Mali on Monday declared that 49 troops from the Ivory Coast were “mercenaries” after earlier detaining the soldiers on arrival in the country, the Malian government said.
“It has been established that the 49 Ivorian soldiers were illegally on the national territory of Mali,” government spokesman Abdoulaye Maiga said in a statement read on state TV, calling the men “mercenaries.”
“The transitional government has decided to refer this case to the relevant judicial authorities.”
Maiga added that the soldiers were armed, carried ammunition, and had no mission order or authorization, saying they had the “dark aim” of stopping the protection and reform of Mali and its return to constitutional order.
An Ivorian diplomat previously said some of the soldiers had been sent to join the UN’s peacekeeping mission MINUSMA.
The force said it believed they were part of a unit that provided routine logistical support to the Ivorian military contingent of MINUSMA.
MINUSMA spokesman Olivier Salgado said the transfer of the troops would have been notified to the Malian authorities in advance.
An Ivorian diplomat told AFP on condition of anonymity that some of the soldiers came to work for German company Sahelian Aviation Service (SAS) on MINUSMA’s behalf.
But the Malian government said its foreign ministry had not been informed via official channels, highlighting a “flagrant violation” of its penal code relating to territorial integrity.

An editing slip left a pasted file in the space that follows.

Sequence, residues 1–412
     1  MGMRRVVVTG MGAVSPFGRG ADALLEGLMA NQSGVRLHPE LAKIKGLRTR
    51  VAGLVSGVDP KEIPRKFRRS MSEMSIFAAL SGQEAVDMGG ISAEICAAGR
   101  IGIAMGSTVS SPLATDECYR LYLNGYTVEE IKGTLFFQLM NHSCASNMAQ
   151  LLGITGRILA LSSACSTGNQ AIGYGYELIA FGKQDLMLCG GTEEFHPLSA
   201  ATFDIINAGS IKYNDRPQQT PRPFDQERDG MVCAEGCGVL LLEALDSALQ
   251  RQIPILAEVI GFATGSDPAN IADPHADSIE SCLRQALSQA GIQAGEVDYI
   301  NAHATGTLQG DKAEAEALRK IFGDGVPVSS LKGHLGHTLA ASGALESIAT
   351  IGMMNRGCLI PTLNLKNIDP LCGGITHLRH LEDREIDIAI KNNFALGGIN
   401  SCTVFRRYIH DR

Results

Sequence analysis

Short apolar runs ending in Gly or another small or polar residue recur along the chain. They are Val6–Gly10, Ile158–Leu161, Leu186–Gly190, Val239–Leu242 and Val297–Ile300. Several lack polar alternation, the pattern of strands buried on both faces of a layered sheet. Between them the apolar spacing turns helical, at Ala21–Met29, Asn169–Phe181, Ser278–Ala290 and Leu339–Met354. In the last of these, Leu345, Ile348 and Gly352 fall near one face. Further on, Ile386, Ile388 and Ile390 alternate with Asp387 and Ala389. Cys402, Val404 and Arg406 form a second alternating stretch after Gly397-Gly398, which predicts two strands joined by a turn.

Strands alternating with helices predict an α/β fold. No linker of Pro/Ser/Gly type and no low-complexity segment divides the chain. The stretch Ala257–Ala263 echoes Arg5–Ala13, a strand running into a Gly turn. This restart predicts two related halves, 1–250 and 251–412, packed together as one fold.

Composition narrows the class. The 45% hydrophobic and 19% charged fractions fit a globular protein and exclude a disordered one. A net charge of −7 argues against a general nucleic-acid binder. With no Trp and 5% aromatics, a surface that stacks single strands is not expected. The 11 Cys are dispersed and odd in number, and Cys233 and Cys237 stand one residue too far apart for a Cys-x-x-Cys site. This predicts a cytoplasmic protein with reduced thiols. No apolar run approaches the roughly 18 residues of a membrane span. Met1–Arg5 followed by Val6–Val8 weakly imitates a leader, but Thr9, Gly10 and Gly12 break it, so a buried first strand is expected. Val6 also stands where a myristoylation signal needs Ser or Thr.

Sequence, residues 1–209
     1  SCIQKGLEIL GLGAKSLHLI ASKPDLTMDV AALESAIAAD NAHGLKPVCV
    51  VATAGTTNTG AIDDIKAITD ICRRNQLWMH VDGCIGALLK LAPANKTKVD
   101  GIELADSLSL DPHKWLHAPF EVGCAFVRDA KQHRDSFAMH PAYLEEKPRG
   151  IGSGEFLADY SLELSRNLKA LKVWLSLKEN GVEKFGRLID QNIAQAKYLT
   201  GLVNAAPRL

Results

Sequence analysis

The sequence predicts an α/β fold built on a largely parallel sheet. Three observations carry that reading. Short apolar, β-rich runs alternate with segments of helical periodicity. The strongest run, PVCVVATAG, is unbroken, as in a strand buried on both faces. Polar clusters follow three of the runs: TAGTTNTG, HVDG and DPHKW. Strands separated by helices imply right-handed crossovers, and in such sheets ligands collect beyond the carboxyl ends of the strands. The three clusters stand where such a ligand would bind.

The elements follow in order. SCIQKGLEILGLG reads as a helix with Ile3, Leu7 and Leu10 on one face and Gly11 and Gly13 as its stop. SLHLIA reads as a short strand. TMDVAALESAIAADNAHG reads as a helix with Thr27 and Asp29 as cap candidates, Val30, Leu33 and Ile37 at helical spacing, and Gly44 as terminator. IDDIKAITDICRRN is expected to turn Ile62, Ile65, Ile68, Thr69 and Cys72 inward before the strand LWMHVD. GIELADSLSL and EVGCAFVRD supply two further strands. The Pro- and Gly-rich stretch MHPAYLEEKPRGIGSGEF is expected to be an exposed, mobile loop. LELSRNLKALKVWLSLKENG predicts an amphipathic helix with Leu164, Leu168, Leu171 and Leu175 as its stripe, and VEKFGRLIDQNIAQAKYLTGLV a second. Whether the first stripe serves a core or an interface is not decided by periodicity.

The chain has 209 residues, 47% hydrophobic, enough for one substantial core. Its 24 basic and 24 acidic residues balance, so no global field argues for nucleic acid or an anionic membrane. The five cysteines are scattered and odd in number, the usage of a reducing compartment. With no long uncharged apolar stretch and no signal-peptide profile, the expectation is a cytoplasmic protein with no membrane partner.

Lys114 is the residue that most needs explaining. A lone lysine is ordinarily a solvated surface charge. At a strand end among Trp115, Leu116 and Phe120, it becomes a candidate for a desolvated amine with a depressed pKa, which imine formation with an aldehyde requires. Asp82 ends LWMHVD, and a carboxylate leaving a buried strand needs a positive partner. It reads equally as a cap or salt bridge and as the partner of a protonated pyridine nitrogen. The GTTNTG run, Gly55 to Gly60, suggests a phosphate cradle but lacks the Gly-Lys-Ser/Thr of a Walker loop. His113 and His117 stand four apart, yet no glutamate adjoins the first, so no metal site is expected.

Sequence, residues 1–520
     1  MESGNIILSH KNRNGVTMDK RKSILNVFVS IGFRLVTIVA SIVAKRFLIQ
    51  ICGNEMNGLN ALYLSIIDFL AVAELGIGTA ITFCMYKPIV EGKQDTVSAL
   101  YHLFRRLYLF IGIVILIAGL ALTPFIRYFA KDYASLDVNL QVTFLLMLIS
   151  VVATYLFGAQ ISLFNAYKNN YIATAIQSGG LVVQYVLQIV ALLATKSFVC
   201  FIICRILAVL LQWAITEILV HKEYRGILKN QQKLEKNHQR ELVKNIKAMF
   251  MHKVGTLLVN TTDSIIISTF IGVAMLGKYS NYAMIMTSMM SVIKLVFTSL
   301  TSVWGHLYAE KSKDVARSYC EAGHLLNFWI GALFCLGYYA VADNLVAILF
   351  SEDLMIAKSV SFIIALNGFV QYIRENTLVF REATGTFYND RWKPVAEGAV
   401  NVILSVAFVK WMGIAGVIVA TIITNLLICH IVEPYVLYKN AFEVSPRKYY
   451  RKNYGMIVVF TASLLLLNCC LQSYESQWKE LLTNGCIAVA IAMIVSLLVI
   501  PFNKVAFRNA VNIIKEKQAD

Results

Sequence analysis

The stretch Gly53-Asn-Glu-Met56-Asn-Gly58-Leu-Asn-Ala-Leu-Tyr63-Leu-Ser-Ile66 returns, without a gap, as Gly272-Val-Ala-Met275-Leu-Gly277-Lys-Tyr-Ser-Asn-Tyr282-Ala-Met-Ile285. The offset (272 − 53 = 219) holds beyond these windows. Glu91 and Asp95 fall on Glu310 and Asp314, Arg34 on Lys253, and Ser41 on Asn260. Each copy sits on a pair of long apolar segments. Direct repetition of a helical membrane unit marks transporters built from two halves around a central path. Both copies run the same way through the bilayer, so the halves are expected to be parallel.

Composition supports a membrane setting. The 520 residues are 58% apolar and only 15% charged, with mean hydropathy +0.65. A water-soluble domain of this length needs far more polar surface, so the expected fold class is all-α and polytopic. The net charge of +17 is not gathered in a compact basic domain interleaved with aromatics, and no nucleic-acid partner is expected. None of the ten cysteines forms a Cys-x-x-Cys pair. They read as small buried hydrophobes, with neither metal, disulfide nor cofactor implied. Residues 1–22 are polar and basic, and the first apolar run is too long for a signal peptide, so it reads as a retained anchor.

It added that the Ivorian soldiers provided four different reasons justifying their presence in the country, including carrying out a “confidential mission” and the protection of Germany’s MINUSMA contingent.
The government said it had decided to end immediately the involvement of foreign forces in SAS’s protection.
As of Monday evening, Ivorian authorities had provided no official reaction.
The Ivorians who arrived in Mali on Sunday are being held at a gendarmerie school in the capital Bamako while the checks were carried out, a gendarme said.
News of the arrest spread quickly on social media, with some accusing the troops of arriving to carry out a coup.
The incident takes place against a backdrop of tensions in Mali, one of the poorest and most unstable countries in Africa.
Colonels angry at the government’s handling of a long-running jihadist insurgency seized power in August 2020 and carried out another coup in May the following year.
The military junta has adopted a timetable allowing a return to civilian rule in 2024.